On Monday, January 31, 2022 at 1:00 pm, we will discuss the following cases.
The first, from the Supreme Court, Minerva Surgical, Inc. v. Hologic, Inc., 141 S. Ct. 2298 (2021) (Justice Kagan), revisits the assignor estoppel doctrine. “That doctrine, rooted in an idea of fair dealing, limits an inventor’s ability to assign a patent to another for value and later contend in litigation that the patent is invalid.” Assignor estoppel has been the law at least since Westinghouse Elec. & Mfg. Co. v. Formica Insulation Co., 266 U.S. 342 (1924). The patent in Minerva teaches a device to treat abnormal uterine bleeding. Csaba Truckai invented the device and assigned the application and future continuations to Novacept. In 2004, Novacept sold its portfolio of patents to another company, which later sold its patents to respondent Hologic, Inc.
Truckai founded petitioner Minerva where he developed another device to treat abnormal uterine bleeding, which Minerva patented. It differed from the device he patented at Novacept. In 2013, Hologic filed a continuation application adding claims that were broad enough to cover Minerva’s device. Hologic sued Minerva in Delaware where the trial court found infringement and invoked assignor estoppel to uphold validity. The Federal Circuit affirmed.
The Supreme Court began by discussing Westinghouse, where the Court said, “If one lawfully conveys to another a patented right…” “fair dealing should prevent him from derogating from the title he has assigned.” But assignor estoppel has limits. In an employment agreement where an inventor assigns future inventions, the assignment cannot contain a representation that a patent is valid because “the invention itself has not come into being.” A second example limiting estoppel occurs if the law changes. The third example occurs when the assignor changes the patent claims. Any “new claims resulting from that process may go beyond what ‘the assignor intended’ to claim as patentable.” “If Hologic’s new claim is materially broader” than those Truckai assigned, “Truckai could not have warranted its validity in making the assignment. And without such a prior inconsistent representation, there is no basis for estoppel.” The Court remanded the case to the Federal Circuit to address “whether Hologic’s new claim is materially broader than the ones Truckai assigned.”
Justices Alito and Barrett filed one dissent and Justices Barrett. Thomas and Gorsuch filed another dissent. The first one was based on stare decisis. If the court overruled Westinghouse, it needed to explain why stare decisis did not apply. The second dissent argued Westinghouse is not good law because intermediate cases already limited it.
The second case, Arunachalam v. IBM, 989 F.3d 988 (Fed. Cir. 2021) (Judges Lourie, Wallach, and Chen), affirmed an award of attorney fees against plaintiff Arunachalam for her vexatious and wanton litigation conduct. This is one of many lawsuits she brought. She sued IBM pro per for infringing her Pat. No. 7,340,506, “Value-added network switching and object routing” and for RICO violations. Then she amended her complaint by adding as defendants Judge Andrew, the judge assigned to the case, and SAP and JPMorgan. After defendants move to dismiss the RICO claims, Arunachalam moved to recuse Judge Andrews and for entry of default judgment against him. Judge Andrews referred the motion to dismiss to Chief Judge Stark, so Arunachalam moved to recuse him too. That was denied, and the case against Judge Andrews was dismissed. The court also dismissed the RICO claims. Arunachalam then filed a 102-page second amended complaint, which the court dismissed because she failed to move to file it.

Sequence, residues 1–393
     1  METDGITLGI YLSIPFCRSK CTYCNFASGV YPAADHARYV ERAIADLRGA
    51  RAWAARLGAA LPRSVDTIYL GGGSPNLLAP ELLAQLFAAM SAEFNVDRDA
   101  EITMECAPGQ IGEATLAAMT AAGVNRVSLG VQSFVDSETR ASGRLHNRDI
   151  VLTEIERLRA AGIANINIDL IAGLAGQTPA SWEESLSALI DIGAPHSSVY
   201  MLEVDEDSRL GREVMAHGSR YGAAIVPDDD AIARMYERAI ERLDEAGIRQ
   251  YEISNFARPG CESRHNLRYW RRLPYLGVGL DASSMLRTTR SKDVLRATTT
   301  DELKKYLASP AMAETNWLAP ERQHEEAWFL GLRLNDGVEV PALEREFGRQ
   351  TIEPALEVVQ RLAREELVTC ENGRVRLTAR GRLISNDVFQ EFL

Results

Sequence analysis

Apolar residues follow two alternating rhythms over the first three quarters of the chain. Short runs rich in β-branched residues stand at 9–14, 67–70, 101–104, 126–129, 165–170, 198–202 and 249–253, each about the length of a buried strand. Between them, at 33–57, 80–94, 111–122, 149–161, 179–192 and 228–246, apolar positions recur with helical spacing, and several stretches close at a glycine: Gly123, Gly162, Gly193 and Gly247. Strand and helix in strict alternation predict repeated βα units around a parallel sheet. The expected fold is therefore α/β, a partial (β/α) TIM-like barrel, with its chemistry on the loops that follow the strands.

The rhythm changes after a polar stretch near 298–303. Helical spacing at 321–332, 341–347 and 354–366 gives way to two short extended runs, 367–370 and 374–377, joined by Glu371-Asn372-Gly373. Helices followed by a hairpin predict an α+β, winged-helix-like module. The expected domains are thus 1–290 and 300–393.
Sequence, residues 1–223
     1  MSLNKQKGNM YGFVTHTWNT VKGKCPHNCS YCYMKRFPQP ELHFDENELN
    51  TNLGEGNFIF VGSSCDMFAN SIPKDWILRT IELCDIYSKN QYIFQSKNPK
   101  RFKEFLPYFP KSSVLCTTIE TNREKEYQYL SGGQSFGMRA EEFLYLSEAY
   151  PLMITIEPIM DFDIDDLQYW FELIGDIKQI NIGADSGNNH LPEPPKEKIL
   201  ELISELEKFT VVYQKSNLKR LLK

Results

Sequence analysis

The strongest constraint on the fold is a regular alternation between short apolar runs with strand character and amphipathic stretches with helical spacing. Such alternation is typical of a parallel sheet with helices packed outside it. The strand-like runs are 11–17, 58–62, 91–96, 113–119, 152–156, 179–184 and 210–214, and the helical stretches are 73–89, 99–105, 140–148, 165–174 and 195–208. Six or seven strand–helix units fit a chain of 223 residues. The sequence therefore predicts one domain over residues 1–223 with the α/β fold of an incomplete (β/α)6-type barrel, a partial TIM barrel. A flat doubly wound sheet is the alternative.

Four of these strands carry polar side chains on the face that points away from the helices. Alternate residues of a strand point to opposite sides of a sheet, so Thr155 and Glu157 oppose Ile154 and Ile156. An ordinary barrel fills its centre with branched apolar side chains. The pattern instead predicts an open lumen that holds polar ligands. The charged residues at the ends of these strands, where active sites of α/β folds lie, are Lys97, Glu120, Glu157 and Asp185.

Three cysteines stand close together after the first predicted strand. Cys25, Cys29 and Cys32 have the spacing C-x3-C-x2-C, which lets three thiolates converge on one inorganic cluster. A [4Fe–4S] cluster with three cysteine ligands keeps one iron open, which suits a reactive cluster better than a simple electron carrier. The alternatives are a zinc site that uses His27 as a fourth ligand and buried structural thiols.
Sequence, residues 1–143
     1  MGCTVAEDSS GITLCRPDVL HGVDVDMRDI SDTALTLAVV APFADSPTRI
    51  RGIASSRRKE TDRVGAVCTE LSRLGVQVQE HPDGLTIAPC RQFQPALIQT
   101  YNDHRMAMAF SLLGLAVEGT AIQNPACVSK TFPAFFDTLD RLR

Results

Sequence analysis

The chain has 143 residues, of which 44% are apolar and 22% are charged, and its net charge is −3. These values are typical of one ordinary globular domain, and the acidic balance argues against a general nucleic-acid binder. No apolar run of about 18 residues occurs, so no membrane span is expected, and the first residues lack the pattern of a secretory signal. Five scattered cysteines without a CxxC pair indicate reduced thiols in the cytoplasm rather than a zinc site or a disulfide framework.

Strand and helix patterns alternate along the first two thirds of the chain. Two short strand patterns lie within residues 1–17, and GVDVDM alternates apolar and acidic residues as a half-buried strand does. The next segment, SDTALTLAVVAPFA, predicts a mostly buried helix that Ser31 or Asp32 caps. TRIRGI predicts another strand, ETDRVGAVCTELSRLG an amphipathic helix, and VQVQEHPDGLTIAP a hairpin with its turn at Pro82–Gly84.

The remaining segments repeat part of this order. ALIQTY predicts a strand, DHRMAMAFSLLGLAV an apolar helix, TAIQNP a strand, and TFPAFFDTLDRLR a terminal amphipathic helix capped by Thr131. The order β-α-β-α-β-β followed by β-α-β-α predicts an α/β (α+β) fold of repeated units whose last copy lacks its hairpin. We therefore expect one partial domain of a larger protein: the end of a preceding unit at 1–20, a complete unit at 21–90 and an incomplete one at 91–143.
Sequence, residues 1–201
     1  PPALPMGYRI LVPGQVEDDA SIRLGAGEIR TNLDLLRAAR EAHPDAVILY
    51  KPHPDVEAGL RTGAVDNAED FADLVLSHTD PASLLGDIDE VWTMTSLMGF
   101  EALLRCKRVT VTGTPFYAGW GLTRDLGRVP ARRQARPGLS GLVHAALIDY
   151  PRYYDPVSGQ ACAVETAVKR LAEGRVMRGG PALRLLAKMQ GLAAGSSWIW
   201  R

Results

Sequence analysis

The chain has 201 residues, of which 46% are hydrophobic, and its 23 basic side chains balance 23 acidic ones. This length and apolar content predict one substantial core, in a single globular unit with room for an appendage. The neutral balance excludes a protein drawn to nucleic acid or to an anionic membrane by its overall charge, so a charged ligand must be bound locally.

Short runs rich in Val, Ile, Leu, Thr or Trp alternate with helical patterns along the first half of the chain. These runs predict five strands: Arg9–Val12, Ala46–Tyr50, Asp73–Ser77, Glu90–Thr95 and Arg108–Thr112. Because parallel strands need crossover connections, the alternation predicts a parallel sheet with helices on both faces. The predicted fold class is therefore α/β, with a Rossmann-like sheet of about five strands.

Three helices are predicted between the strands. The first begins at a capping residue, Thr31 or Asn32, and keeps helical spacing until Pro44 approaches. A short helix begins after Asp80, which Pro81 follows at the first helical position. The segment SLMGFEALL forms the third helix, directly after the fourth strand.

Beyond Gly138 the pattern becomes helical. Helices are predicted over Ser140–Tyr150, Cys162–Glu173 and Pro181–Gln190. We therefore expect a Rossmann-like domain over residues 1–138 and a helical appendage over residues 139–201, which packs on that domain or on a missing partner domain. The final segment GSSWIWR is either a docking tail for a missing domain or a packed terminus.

Meanwhile the PTAB found her patent claims unpatentable. IBM then moved to dismiss her patent claims for relief. She opposed by arguing the PTAB engaged in “lawless misconduct and Constitutional public breach and fraud” “in a blatant civil rights discrimination against [her]”).
Defendants moved for attorney fees, and the district court awarded about $57,000 to JPMorgan, $52,000 to SAP, and $40,000 to IBM. Arunachalam argued on appeal the Federal Circuit cannot “affirm the District Court’s sanctions and attorneys’ fees without offending the Constitution,” specifically, her rights under the First, Fifth, Eighth, and Fourteenth Amendments. The court also struck Arunachalam’s briefing’s “scandalous and baseless allegations.” She alleged defendants and “all counsel” have “collusively engaged in obstruction of justice, aided and abetted by Judges Stark and Andrews,” have “knowingly, willfully, intentionally, recklessly, [and] negligently ma[de] False Official Statements, causing damage to [Dr. Arunachalam’s] patents and her pristine character/reputation,” and have “us[ed] the courts as a vehicle to propagate libel.”
Even according Arunachalam “wider latitude because of her pro se status, her baseless, outlandish, and irrelevant invective degrades the dignity and decorum of the court and hampers ‘the orderly and expeditious disposition of cases.’ Sanctions are appropriate to address and discourage such abusive conduct.”
But the Federal Circuit refused to award monetary sanctions for the appeal.